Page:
Monday Morning Runaround – Comics San Frontieres


The University Of Connecticut has launched a new class

The UConn English Department added a new course to its Spring 2014 offerings titled "The Graphic Novel." As the title would suggest the course will examine the history and theory behind the graphic novel, an unconventional form of literary study. Taught by Associate Professor Kate Capshaw, the class will read a variety of texts including Marjane Satrapi's "Persepolis," the UConn Reads selection for 2014, Alison Bechdel's "Fun Home," Art Spiegelman's Pulitzer prize-winning "Maus" and Alan Moore's "Watchmen."


A new graphic novel exploring stories of the partition set up that formed India, Pakistan and Bangladesh is getting press.

The anthology, however, does not just look at blood-soaked histories but also at human stories. Take 'Noor Miyan', penned by JNU-based revolutionary poet Vidrohi and illustrated by Delhi-based illustrator Tina Ranjan. It is the story of Noor Miyan, reputed for making the best kohl in undivided India, who leaves for Pakistan after Partition, leaving Daadi disconsolate because now her eyes would never again "surge like rain clouds". Or 'Milne Do', written by Karachi-based journalist Beena Sarwar and illustrated by Prasanna Dhandarphale, where two journalists from either side of the border exchange stereotypical queries and concerns of the other side.

The anthology is "an attempt to retell old stories in a new language", says Ghosh. "In a way, to come to terms with it, and negotiate with memory, experience and curiosity by wondering what it is like to reimagine the Partition." Ghosh, whose first graphic novel Delhi Calm captured the atrocities of the Emergency, is a member of the Pao Collective of graphic artists.


A deep sea ecologist over-analyzes Aquaman #25.

The sexual politics of anglerfish are notable. Sexual dimorphism is dramatic; males may be thousands of times smaller than females. Once a male locates a female, he bites into her side, permanently fuses circulatory systems, and is essentially reduced to auxiliary genitals.

Ok, Aquaman is obviously not a sexual parasite, but the biology of the anglerfish roughly parallels his commitment and dependence on Mera. The final panels even reveal that Aquaman is basically non-functional without Mera around.


Abigail Brady on the 3D in Day Of The Doctor and what it might mean for Ant Man.

"The Day of the Doctor" repeats the trick from "The Snowmen", with Clara riding a motorcycle into the console room. In 2D this is quite a neat stunt. But in 3D I thought it was, well, transcendent. We saw the space inside the TARDIS recede away from where it could possibly have been. We had a smooth transition from a tiny box in a deserted space, to an impossibly large console room. That was it.

And then, the paintings.

In the first shot of the paintings it is not immediately obvious that there is anything odd going on. In 2D, anyway. In 3D, you can see that the paintings have depth, although it is kept subtle. The lines about the paintings being very strange are followed by camera moves that make it clear that not only are the paintings 3D, but they are way more advanced than our 3D, it's just just that they are stereo, but they are portals into a static, frozen, dimension. Here, again, although it works in 2D, the use of stereo combined with camera moves really sells it.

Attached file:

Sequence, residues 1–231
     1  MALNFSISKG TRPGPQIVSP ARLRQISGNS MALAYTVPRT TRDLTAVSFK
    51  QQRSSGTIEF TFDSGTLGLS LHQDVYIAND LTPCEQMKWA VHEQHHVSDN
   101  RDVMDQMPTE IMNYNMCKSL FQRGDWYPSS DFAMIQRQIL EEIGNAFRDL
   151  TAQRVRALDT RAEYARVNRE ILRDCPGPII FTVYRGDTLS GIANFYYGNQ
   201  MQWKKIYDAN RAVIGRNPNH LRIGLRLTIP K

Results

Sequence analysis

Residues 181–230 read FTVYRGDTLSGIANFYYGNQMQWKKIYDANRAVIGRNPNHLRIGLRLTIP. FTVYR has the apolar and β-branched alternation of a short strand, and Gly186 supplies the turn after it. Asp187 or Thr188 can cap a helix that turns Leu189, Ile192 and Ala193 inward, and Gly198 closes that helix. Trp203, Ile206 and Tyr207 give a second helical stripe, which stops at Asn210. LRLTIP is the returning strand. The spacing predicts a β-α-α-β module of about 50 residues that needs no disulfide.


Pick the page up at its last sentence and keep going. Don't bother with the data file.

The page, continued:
I think the make-or-break film for 3D will be Edgar Wright's Ant-Man. This will be released in 2015, which is going to be a big year for big films (the Avengers sequel, Star Wars Episode VII, the Batman/Superman film, and that's just getting started), so it's an odd one to focus on, but I think it has potential. Ant-Man is a size-changer. Imagine what that would mean with well-done 3D. You could have first person shots of the lab he is in widening out to become an impossibly large space, as he shrinks. You could cut between parallel action at a macro scale and a micro scale, hinting which is which not by different lighting but using a different interocular distance.



Matt Miner of Black Mask's Liberator has launched his new webstore, and profits benefit animal rescue. He's making prints and t-shirts available, as well as comics.


dcc-logo-headerTickets go on sale today for Denver Comic Con, a con that has grown exponentially and is likely to sell out very far ahead of the June 13-15th event based on last year's sales and growth patterns. Might be time to start planning ahead…Tickets go on sale at noon EST.


The BBC looks at how medical schools are teaching students to write and draw comic books;

Aspiring doctors know that to get to the top they will have to retain vast quantities of information. But MK – now known as the Comic Nurse – has also added drawing cartoons to the curriculum at the Feinberg School of Medicine at Northwestern University in Chicago, where she teaches.

It all began when she was dealing with a particularly emotionally draining job.

"One day, just not knowing what else to do, I drew a picture of myself and then I put a few words above it.

"I drew a box around it, and then I drew another box. Before I knew it, I went from a state of really struggling with a patient's death to finding myself nine boxes later in a place of hope. And that really surprised me."

About Rich Johnston

Founder of Bleeding Cool. The longest-serving digital news reporter in the world, since 1992. Author of The Flying Friar, Holed Up, The Avengefuls, Doctor Who: Room With A Deja Vu, The Many Murders Of Miss Cranbourne, Chase Variant. Lives in South-West London, works from Blacks on Dean Street, shops at Piranha Comics. Father of two. Political cartoonist.

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